ERIE MIDDLE SCHOOL
aren't we great?
Erie Middle School recognizes the unique and special learning requirements of adolescent students by offering a comprehensive and balanced program of study that meets their academic, social and emotional needs. Our goal is not only to prepare students for the rigors of High School, but to continue to foster a culture of learning and exploration that can be carried with them through life outside of the classroom.
Erie Middle School is a technology progressive school. Our 1:1 iPad program gives our students a foundation for being active and responsible global citizens in the 21st century. By incorporating the use of technology into the daily lives of our students and focusing on being responsible citizens in its use, we believe that we are providing a rich and successful formula for student achievement.
500 5th Avenue - Erie, IL 61250
with Mr. Birdsall, Middle School Counselor
5th Grade: Boston Besse 6th Grade: Aubrey Huisman
7th Grade: Jamie Neumiller 8th Grade: Nate Packer
Why Empathy Is So Important
Why Empathy is So Important
Empathy is the ability to understand the thoughts, feelings and experiences of others as if they are one’s own thoughts, feelings and experiences. Empathy is broken down into affective empathy (understanding another’s feelings) and cognitive empathy (taking on another’s perspective). While all human beings possess the rudiments of empathy innately (exception being psychopaths and sociopaths), effort is required to cultivate this skill. Empathy is important because it is the foundation of compassion and kindness. It is an essential component of the ability to form connections with others, tolerate differences and take an active helping role in service of others.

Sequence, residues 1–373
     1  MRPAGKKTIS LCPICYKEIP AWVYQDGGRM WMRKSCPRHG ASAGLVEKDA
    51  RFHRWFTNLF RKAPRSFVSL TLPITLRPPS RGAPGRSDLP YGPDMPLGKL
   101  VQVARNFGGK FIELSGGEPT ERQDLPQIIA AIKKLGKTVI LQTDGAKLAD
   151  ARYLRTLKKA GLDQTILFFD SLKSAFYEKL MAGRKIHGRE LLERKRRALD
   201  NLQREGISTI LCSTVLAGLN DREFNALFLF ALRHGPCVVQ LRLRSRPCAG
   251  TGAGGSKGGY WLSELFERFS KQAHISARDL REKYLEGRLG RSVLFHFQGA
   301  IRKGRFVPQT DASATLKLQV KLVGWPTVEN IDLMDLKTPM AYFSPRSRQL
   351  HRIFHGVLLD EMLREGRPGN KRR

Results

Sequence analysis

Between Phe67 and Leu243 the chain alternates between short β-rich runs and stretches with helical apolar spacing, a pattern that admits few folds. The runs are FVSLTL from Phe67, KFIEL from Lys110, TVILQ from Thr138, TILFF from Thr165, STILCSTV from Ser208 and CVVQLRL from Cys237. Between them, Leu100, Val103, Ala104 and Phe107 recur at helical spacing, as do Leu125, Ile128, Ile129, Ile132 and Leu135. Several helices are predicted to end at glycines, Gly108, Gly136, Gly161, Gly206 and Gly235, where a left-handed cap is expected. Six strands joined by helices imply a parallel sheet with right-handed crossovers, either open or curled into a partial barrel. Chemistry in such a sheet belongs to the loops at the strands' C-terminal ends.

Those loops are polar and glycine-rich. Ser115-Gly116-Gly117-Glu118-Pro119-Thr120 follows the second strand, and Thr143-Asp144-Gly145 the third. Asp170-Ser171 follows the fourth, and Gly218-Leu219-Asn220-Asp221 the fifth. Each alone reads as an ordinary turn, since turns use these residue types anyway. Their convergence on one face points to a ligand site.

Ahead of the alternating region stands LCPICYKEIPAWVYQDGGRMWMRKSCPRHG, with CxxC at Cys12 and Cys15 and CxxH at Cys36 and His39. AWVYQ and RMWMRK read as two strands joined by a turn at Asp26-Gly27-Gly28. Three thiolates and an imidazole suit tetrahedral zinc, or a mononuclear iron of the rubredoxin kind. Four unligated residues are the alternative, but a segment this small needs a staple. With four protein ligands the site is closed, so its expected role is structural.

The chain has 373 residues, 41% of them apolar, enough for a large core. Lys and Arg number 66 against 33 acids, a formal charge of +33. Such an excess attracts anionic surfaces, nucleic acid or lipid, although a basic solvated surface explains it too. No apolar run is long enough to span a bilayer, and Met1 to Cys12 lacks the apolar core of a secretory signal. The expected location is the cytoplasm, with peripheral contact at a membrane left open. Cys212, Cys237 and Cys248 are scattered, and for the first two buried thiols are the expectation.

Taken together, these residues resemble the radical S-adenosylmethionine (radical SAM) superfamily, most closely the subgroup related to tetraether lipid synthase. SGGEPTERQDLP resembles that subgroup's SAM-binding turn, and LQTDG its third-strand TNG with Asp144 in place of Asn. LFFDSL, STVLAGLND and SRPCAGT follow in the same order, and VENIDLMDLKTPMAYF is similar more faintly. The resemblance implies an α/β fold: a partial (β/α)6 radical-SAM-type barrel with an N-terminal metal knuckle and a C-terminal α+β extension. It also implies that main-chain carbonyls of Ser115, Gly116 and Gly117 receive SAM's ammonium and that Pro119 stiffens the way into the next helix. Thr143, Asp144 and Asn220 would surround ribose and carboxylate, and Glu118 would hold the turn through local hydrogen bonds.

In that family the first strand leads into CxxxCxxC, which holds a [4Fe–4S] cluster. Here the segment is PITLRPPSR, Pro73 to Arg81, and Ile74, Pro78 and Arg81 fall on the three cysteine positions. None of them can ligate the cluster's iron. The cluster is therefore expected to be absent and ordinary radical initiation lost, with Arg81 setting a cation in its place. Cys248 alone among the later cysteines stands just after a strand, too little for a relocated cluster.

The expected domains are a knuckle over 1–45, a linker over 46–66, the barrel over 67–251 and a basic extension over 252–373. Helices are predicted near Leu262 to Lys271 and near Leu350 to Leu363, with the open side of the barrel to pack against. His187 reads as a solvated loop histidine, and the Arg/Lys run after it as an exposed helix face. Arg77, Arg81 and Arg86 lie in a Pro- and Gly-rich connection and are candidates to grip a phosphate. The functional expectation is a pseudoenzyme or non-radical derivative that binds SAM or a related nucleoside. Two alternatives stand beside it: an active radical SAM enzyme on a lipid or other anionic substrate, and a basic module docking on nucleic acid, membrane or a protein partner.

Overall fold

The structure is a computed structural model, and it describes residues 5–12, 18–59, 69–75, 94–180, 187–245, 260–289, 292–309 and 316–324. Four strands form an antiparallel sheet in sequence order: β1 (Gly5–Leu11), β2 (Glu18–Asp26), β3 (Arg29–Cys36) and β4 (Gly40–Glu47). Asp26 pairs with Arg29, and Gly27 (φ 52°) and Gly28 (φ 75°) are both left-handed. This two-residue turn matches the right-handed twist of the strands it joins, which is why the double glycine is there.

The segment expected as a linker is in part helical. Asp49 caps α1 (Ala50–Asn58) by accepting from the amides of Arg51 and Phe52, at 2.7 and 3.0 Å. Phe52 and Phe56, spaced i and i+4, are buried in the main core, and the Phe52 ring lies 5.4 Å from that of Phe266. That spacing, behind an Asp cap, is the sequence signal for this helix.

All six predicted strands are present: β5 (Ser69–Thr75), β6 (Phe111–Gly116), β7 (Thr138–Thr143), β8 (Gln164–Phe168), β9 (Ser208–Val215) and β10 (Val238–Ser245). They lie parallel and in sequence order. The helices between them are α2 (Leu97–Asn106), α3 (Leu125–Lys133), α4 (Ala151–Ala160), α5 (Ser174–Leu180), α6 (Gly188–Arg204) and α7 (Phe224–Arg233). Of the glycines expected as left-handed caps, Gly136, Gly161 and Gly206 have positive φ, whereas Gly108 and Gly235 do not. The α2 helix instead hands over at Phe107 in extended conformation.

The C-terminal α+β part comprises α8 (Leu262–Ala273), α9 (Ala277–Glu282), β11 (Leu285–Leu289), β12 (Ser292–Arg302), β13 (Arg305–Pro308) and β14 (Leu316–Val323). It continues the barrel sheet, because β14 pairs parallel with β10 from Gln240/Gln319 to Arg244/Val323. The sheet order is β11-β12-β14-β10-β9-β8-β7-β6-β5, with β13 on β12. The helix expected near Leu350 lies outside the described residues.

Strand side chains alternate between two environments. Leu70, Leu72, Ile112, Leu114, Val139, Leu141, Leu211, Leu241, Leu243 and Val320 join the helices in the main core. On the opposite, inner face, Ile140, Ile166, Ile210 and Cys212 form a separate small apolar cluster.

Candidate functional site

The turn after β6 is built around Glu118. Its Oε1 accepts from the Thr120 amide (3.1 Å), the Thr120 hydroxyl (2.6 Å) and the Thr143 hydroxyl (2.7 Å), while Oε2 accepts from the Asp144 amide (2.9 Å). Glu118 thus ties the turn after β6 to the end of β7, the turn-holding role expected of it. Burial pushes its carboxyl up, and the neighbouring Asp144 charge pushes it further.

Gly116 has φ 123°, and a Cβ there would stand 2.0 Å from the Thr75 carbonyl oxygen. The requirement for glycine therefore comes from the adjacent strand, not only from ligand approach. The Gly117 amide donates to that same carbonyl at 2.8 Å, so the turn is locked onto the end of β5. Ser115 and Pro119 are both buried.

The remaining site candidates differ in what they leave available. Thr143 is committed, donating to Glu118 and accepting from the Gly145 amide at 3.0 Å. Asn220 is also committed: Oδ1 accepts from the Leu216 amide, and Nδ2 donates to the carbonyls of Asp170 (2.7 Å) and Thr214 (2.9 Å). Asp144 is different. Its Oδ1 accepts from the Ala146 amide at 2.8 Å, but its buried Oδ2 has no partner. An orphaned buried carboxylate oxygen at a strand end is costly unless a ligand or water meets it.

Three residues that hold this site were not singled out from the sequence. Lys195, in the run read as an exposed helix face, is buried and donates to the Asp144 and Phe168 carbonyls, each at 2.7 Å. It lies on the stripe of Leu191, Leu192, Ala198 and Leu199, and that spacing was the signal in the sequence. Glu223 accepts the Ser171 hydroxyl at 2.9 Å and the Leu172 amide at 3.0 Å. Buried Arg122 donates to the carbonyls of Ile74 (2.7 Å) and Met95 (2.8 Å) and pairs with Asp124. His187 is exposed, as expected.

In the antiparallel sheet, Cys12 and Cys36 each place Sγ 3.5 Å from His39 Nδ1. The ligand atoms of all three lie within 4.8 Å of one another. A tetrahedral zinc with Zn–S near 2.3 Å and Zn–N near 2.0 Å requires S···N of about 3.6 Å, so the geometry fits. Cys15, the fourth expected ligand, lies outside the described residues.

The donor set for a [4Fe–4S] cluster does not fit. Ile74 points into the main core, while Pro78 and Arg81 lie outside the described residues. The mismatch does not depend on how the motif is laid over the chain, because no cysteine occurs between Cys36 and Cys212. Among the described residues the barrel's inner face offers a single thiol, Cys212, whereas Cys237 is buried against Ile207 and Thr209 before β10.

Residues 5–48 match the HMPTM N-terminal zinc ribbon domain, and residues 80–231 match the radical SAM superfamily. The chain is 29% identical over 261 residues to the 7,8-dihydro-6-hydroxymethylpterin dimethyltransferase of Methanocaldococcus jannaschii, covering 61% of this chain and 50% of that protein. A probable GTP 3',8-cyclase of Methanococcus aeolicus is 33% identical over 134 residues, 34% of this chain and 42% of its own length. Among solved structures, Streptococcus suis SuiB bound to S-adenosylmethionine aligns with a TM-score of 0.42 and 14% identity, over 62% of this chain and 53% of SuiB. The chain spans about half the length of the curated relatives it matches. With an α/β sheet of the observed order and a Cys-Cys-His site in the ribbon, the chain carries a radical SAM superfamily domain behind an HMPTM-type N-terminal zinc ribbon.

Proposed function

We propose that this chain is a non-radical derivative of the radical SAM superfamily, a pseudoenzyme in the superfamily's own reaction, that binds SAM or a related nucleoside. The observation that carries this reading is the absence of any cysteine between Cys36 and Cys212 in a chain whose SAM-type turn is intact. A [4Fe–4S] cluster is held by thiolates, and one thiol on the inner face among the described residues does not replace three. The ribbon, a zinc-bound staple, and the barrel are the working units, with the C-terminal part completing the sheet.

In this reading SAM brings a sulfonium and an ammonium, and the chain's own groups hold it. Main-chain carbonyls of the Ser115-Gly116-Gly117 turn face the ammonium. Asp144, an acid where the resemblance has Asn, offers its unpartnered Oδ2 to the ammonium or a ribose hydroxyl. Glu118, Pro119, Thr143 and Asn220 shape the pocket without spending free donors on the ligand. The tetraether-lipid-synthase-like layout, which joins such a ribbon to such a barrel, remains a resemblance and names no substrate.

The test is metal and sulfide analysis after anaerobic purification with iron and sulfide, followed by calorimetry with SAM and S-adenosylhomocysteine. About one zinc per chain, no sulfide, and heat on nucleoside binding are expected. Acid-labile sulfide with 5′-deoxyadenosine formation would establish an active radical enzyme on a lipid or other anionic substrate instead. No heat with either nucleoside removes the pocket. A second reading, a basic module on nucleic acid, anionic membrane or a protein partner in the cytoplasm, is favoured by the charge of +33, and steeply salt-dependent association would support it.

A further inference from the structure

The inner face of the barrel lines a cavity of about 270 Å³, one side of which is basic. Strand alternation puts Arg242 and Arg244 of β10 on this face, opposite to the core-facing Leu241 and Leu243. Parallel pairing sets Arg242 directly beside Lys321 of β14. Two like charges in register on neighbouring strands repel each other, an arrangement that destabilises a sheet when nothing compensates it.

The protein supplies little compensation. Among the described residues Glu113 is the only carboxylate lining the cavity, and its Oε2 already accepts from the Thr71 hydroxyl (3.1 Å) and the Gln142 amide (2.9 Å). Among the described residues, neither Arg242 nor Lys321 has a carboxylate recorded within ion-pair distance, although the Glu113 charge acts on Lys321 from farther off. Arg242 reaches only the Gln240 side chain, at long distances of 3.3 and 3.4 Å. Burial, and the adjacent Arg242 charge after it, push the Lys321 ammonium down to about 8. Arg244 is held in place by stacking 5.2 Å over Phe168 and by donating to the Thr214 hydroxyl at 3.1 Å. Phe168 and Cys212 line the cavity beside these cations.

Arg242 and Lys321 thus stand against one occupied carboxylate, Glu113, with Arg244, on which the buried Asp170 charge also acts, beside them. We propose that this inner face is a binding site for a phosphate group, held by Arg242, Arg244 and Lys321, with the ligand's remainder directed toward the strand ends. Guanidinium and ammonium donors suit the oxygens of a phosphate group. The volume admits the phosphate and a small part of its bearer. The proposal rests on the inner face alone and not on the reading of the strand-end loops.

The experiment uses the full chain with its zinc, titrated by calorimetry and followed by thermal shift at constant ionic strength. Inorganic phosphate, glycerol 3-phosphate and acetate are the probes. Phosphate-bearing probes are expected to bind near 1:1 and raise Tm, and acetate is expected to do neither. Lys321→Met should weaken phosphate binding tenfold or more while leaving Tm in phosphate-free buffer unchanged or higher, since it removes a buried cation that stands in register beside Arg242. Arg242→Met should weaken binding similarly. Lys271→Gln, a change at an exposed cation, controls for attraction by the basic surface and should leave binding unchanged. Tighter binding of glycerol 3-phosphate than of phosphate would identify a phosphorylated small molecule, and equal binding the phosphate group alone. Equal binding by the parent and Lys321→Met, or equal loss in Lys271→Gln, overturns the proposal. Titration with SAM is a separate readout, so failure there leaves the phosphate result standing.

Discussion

How to Cultivate Empathy in Children
Tip #1: Provide children with the support they need to develop strong emotional regulation skills
Children who are unable to handle their own emotions will struggle to identify with the emotions of others . Children with secure attachments to the adults in their lives are more likely to experience the emotional stability that is required to activate the innate empathy.
Tip #2: Consistently Model Empathy for Your Children
Show your children how you use empathy. Allowing young people to see that empathy can be difficult for adults, too, allows them to be okay making mistakes while developing this skill. Talk about how easy it is to engage in snap judgments that often times prove to be false after you consider the person or situation more objectively.
Tip #3: Help Kids Identify What They Have in Common with Others
It is a very human tendency to focus on the differences between ourselves and others. Help your children by pointing out that though there are differences, human beings share many more similarities. Seek opportunities and experiences to point out these similarities.
Here's what you need to know...
Middle School Moments
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